Ryoji Ikeda’s untitled exhibition at Amos Rex is catchy. As soon as the automatic doors between the foyer and the exhibition hall slide open, viewers are met with layer upon layer of sound: crystalline radar-like blips emerge from muffled noise, pointillist crackles, chunks of deep rumble. The first impression is total immersion in an all-encompassing world of intense and relentless sound.
It sums up Ikeda’s biography: sound comes first. He made his debut under his own name in 1996 with the album +/-, and for some years was known primarily as an experimental electronic musician. Around twenty years ago, he began to incorporate his compositions into massive installations, doing so with extraordinary effortlessness. The consistency of Ikeda’s practice is astounding, almost as if it was already fully formed when he began his DJ career in Tokyo all those years ago.
Thus, the darkness, noise, and blips that are the first impressions at Amos Rex. They are as effective as they are simple. All texts have been kept out of the exhibition space, allowing the darkness to reach maximum sensory impact, in stark contrast to the bright white of the entrance. The result was a temporary blindness as my eyes tried to adjust, though a real visual assault awaited me behind the wall blocking out the main space. The installation mass (2023) is preceded by a warning for flickering lights, but its intensity still comes as a shock for the retina. The enormous video, projected on the floor, consists of pure stroboscopic light. Rings of white and black ripple out at frenetic pace over a square screen – like a window to another dimension, a journey into a black hole, a panorama over a mushroom cloud.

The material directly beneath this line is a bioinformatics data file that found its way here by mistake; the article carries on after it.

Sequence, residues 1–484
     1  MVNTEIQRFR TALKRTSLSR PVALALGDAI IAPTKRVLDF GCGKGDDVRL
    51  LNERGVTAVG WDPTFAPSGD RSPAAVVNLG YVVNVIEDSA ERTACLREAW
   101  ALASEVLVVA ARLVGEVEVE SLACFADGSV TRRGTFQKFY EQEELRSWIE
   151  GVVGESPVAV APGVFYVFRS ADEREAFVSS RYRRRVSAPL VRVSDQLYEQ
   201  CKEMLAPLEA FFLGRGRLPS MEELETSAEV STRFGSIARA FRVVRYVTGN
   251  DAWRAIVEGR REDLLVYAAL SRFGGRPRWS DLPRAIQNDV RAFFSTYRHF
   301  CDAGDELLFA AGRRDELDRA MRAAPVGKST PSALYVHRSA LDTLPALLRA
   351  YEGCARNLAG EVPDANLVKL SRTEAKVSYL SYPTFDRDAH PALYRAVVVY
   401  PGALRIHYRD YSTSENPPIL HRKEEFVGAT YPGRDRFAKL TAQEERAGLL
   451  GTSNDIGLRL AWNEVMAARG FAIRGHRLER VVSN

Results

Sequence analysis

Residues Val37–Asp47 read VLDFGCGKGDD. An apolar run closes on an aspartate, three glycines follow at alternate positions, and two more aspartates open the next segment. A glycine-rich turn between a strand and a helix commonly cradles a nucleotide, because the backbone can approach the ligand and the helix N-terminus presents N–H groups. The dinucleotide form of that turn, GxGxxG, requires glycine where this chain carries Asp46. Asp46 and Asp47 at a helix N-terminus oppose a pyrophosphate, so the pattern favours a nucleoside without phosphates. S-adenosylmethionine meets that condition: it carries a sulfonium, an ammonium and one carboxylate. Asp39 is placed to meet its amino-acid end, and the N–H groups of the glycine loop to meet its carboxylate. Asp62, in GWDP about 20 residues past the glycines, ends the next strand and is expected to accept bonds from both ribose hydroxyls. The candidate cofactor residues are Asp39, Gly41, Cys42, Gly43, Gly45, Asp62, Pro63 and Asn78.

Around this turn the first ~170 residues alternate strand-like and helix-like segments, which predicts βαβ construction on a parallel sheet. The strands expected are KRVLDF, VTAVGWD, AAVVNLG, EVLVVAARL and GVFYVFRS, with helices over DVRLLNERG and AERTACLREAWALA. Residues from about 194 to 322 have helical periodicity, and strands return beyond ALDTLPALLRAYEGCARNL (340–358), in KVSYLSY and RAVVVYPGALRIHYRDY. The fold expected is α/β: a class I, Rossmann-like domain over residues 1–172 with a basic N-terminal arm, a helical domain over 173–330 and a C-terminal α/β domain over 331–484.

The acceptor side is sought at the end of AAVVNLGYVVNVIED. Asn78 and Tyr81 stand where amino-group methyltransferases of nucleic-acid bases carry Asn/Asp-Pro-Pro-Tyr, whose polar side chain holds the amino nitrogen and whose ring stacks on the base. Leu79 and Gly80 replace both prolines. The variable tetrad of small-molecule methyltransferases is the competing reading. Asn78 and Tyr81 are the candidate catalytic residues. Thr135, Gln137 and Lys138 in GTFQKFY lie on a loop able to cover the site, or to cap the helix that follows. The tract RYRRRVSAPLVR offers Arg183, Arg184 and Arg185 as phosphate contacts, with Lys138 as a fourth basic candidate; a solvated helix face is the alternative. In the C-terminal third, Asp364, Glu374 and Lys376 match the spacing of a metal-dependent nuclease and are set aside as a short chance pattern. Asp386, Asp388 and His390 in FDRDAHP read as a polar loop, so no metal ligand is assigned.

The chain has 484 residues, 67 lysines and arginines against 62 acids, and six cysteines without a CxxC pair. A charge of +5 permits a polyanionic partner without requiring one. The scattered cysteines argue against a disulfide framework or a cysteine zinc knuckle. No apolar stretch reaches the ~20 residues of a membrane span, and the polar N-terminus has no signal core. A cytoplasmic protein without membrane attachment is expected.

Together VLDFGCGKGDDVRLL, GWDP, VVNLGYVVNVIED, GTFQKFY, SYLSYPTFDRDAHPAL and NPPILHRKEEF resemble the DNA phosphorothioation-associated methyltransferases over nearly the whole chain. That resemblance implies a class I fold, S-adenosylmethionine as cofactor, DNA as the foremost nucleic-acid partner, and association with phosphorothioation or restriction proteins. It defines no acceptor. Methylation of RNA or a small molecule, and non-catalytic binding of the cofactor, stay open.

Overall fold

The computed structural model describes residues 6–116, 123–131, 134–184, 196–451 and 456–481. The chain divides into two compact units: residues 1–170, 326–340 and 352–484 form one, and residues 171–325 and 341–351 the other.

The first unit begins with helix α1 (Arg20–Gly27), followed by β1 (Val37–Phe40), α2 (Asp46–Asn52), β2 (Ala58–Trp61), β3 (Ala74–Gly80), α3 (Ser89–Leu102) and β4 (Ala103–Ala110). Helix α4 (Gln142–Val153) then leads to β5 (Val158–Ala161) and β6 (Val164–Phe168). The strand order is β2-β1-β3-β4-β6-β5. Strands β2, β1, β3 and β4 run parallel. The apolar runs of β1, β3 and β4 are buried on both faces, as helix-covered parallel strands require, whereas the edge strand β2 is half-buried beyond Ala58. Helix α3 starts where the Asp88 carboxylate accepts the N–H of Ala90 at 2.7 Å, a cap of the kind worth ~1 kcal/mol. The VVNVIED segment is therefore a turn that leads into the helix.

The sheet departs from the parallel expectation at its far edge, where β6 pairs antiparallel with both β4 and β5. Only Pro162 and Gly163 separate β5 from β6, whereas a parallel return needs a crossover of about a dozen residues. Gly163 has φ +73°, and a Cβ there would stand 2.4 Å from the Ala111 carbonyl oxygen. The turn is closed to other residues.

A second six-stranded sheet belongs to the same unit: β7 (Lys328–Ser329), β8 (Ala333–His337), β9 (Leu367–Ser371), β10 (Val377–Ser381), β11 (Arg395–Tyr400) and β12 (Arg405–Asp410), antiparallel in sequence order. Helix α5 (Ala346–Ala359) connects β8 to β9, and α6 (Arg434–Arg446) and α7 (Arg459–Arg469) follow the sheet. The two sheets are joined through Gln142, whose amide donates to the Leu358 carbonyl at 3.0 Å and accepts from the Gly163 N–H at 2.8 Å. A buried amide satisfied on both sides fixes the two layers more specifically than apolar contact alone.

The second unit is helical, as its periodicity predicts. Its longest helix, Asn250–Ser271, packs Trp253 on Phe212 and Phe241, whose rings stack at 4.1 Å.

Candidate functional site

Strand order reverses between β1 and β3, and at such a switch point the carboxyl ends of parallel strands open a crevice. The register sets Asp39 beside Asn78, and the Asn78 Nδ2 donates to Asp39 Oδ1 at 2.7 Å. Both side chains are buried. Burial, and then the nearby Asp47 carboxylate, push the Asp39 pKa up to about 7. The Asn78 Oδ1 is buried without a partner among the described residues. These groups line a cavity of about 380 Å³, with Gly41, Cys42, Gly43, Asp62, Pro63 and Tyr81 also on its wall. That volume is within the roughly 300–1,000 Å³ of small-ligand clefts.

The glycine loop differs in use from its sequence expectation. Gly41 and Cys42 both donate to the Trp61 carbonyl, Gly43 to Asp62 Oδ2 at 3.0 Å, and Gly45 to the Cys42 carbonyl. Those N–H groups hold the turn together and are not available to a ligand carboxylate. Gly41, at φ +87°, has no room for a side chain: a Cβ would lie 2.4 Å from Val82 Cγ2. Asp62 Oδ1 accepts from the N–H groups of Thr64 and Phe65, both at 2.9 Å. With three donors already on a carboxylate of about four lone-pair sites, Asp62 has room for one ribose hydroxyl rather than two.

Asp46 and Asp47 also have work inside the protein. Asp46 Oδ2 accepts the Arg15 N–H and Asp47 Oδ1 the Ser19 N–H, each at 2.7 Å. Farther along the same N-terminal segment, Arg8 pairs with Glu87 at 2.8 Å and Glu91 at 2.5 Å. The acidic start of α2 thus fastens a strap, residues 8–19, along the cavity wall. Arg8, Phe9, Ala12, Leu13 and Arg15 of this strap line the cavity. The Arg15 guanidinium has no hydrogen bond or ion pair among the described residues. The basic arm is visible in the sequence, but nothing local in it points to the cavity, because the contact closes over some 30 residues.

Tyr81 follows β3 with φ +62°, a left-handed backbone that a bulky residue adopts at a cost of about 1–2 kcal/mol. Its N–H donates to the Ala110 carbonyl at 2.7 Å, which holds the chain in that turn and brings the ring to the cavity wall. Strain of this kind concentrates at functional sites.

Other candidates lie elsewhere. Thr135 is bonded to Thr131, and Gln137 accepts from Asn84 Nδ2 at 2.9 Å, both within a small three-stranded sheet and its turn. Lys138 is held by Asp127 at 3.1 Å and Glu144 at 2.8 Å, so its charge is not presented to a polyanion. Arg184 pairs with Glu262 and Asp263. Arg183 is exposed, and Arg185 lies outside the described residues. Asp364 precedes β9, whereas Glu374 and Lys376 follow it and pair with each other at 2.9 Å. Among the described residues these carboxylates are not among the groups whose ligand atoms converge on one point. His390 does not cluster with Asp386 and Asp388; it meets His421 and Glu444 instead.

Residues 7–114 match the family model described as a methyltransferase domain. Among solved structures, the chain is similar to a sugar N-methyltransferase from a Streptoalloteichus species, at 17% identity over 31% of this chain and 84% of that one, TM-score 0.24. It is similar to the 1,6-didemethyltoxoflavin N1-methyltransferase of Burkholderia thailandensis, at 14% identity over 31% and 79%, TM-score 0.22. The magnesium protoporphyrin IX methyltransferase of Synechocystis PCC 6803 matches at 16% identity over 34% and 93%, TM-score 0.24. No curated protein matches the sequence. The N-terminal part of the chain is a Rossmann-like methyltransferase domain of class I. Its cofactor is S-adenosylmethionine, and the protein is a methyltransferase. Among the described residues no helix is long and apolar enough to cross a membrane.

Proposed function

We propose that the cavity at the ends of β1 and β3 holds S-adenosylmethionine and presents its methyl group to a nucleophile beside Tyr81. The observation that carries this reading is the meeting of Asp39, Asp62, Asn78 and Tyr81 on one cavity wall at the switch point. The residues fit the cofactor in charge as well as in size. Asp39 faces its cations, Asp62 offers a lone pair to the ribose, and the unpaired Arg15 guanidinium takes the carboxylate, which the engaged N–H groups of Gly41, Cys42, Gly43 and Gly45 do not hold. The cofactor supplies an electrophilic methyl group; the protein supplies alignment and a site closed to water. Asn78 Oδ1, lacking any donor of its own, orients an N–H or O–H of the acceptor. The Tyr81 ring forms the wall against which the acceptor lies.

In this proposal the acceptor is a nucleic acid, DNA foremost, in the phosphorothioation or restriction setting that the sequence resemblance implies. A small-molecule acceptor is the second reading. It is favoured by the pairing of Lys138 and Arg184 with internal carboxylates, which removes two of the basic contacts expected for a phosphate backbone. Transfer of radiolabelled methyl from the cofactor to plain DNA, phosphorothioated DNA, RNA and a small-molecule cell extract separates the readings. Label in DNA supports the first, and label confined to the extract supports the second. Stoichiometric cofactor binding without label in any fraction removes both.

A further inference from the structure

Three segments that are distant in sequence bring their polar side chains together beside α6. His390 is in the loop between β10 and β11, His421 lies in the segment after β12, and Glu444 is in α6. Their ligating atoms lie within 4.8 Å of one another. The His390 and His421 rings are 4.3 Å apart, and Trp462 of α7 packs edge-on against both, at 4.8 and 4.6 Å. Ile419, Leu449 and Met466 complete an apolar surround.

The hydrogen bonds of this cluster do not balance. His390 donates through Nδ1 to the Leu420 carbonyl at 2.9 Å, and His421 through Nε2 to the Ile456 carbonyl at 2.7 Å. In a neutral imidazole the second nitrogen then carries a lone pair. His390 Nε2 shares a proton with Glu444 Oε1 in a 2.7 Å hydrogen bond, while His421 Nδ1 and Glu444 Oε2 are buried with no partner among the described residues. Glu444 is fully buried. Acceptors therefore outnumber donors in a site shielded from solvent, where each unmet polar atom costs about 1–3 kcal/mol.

Mass is one of two new site-specific works which Ikeda has produced for Amos Rex. The more unassuming spin (2023) is a kinetic laser sculpture, shown directly above mass, in one of the ceiling’s asymmetric window recesses. In a continual loop, spin draws perfect circles which occasionally overlap to create the illusion of three-dimensionality. The accompanying soundtrack of crisp blips is feather-light but steady as clockwork, pinging out over the noise that erupts from mass like a kind of divine pulse.
The museum’s peculiar subterranean architecture, with its black vaulted ceiling and dark floor, has previously been used to showcase ancient Egyptian artefacts, modernist paintings, photorealistic sculpture, and modern classical music. These have been generally successful, but the resonance that occurs between the space and Ikeda’s work far exceeds any of those efforts. The huge installations data-verse 1 and 2 (both 2019) as well as data.gram [n°5] (2023) give the impression that Amos Rex was designed specially to contain them. The darkness makes the spaces feel larger than they actually are, and everything except the artworks dissolves away from reality. It echoes Ikeda’s attempt to make art that eschews specific cultural references. His conceptual starting point as a musician is an attempt to compose in a manner which is as universal as mathematics: untainted by associations and totally objective.